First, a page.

MELISSA K. PENNINGTON APPELLANT
WAGNER'S PHARMACY, INC. APPELLEE
APPEAL FROM JEFFERSON CIRCUIT COURT HONORABLE SUSAN SCHULTZ GIBSON, JUDGE ACTION NO. 07-CI-005314
BRIEF FOR APPELLANT: Philip C. Kimball Louisville, Kentucky
BRIEF FOR APPELLEE: Brian E. Clare Louisville, Kentucky
BEFORE: COMBS, CLAYTON, AND VANMETER, JUDGES.
Melissa Pennington appeals the order of the Jefferson Circuit Court which granted summary judgment to Wagner's Pharmacy, Inc. After our review of the record, the facts, and the pertinent laws, we vacate the order and remand.
Pennington worked for Wagner's as a food truck operator in the backside area of Churchill Downs for approximately ten years. She was approximately five feet four inches in height and weighed four hundred twenty-five pounds. She also suffered from diabetes, which caused her to have pronounced dark circles under her eyes. On one of her off-duty days in 2007, Pennington went to the office of Brenda Smyth, manager of Wagner's, to pick up her paycheck. She was in the process of moving from one residence to another, and, as she admitted, she was not at her best appearance. However, she testified that she never went to work looking as she did that day, calling it "an anomaly."
Soon after, on April 26, 2007, Smyth asked Pennington's supervisor, Martha Parrish, to terminate Pennington due to her "personal appearance." Parrish did not testify that Smyth specified what was meant by "personal appearance" -- whether it was Pennington's disheveled appearance on one occasion (when she was off duty) or whether it was Pennington's morbid obesity. However, two of Pennington's coworkers submitted affidavits stating that Parrish "tearfully" told them that Smyth said that Pennington was fired because she was "overweight and dirty."
On June 7, 2007, Pennington filed a lawsuit alleging that Wagner's had unlawfully discriminated against her due to her disability of morbid obesity. In its answer, Wagner's alleged that it had dismissed Pennington because of her failure to generate sales. On June 3, 2011, Wagner's filed a motion for summary judgment, which the trial court granted on October 21, 2011. Pennington filed a motion to alter, amend, or vacate the order on October 31, 2011. The motion was denied, and this appeal follows.
Summary judgment is a device utilized by the courts to expedite litigation. Ross v. Powell, 206 S.W.3d 327, 330 (Ky. 2006). It is a "delicate matter" because it "takes the case away from the trier of fact before the evidence is actually heard." Steelvest, Inc. v. Scansteel Service Center, Inc., 807 S.W.2d 476, 482 (Ky. 1991). In Kentucky, the movant must prove that no genuine issue of material fact exists and "should not succeed unless his right to judgment is shown with such clarity that there is no room left for controversy." Id.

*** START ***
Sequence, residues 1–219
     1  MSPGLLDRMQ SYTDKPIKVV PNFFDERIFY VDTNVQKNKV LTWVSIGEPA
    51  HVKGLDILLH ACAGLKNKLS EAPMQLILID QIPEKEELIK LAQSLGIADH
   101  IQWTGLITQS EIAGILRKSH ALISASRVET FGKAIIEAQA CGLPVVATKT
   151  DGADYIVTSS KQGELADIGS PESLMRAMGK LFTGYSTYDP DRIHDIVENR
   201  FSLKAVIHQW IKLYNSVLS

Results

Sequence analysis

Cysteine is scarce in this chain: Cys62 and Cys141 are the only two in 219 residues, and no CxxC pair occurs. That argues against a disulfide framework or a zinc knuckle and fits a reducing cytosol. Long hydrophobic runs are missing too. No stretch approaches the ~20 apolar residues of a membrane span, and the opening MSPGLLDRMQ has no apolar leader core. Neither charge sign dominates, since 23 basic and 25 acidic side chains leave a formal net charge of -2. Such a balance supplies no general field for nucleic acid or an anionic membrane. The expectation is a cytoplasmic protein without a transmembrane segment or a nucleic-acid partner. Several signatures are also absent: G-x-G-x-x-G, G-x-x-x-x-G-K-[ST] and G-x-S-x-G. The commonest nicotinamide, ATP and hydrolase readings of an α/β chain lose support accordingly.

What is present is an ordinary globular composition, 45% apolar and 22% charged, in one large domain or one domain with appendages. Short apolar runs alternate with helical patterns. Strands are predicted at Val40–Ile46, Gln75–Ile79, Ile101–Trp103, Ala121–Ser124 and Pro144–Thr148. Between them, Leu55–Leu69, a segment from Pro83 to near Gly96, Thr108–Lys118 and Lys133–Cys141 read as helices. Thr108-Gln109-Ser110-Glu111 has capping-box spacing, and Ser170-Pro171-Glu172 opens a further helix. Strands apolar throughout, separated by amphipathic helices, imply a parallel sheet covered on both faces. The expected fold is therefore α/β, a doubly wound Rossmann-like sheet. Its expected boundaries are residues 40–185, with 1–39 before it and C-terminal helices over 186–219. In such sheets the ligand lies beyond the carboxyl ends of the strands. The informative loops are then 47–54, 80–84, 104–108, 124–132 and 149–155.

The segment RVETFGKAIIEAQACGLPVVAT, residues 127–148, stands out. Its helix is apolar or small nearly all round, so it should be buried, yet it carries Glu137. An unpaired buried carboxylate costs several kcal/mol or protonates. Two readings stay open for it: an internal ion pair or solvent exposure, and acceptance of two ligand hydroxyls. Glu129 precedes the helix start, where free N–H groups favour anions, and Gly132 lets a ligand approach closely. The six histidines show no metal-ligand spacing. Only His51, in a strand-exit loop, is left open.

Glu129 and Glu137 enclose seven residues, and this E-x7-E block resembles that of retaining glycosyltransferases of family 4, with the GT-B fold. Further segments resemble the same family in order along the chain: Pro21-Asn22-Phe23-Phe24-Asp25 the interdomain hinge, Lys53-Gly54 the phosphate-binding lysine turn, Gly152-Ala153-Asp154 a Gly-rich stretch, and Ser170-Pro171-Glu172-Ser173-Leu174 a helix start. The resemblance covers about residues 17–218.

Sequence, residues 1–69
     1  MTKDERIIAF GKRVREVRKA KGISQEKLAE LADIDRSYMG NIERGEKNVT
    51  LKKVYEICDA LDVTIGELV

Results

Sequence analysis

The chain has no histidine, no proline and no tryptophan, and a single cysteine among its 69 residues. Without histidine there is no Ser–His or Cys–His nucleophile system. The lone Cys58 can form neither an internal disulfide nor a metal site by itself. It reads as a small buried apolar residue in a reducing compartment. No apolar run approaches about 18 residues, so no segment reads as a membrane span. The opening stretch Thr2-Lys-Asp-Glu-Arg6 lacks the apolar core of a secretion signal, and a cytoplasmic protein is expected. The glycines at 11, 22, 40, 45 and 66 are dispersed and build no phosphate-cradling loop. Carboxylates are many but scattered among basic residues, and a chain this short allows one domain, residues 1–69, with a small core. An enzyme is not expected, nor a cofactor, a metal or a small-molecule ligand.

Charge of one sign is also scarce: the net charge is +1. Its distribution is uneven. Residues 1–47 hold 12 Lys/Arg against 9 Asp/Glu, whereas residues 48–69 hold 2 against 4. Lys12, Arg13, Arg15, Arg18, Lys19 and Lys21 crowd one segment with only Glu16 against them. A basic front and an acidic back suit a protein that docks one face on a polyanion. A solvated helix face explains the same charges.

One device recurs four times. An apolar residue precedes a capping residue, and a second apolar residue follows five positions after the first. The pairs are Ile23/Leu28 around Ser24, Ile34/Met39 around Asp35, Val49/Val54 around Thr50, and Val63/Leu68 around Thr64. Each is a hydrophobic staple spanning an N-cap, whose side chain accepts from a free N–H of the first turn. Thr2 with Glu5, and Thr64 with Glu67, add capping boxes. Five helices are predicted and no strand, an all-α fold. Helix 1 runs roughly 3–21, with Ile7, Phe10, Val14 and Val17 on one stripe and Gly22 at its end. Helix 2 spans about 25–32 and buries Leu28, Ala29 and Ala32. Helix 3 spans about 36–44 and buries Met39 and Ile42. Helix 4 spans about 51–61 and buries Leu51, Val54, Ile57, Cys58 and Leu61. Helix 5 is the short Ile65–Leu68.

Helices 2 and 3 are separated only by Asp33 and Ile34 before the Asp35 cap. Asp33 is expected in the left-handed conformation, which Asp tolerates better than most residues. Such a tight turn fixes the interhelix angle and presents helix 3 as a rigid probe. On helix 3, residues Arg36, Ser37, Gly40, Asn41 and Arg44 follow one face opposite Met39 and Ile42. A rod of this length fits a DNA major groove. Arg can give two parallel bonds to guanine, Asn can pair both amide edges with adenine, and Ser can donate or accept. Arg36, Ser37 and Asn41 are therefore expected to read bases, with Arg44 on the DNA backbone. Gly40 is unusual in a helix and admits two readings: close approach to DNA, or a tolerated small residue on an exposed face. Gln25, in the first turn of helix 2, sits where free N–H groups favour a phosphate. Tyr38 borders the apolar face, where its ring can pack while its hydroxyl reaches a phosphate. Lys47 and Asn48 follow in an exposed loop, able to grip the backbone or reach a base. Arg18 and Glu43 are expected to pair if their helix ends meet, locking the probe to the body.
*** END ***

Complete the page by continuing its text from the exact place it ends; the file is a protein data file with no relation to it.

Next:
The trial court must view the evidence in favor of the non-moving party. City of Florence v. Chipman, 38 S.W.3d 387, 390 (Ky. 2001). In order to overcome a motion for summary judgment, the non-moving party must present "at least some affirmative evidence showing the existence of a genuine issue of material fact." Id. See also Kentucky Rules of Civil Procedure (CR) 56.03. On appeal, our standard of review is "whether the trial court correctly found that there were no genuine issues as to any material fact and that the moving party was entitled to judgment as a matter of law." Scifres v. Kraft, 916 S.W.2d 779, 781 (Ky. App. 1996). Because summary judgments do not involve fact-finding, we review de novo. Pinkston v. Audubon Area Community Services, Inc., 210 S.W.3d 188, 189 (Ky. App. 2006).
It is unlawful for an employer to discriminate against an employee due to a disability. Kentucky Revised Statutes (KRS) 344.040(1) and 207.150. The Kentucky statutes are fashioned after the Americans with Disabilities Act (ADA), and federal law is utilized in their interpretation. Howard Baer, Inc. v. Schave, 127 S.W.3d 589, 592 (Ky. 2003).
In order to establish a discrimination claim, the plaintiff must prove a prima facie case by demonstrating:
(1)that he had a disability as that term is used under the statute (i.e., the Kentucky Civil Rights Act in this case);
(2)that he was "otherwise qualified" to perform the requirements of the job, with or without reasonable accommodation; and (3) that he suffered an adverse employment decision because of the disability.
Hallahan v. The Courier-Journal, 138 S.W.3d 699, 706 (Ky. App. 2004). In this case, the parties do not dispute that Pennington was qualified to perform her job. She had worked for Wagner's for ten years prior to her dismissal. There can be no dispute that the act of termination is the ultimately adverse employment decision. Therefore, the only issue remaining as to whether ...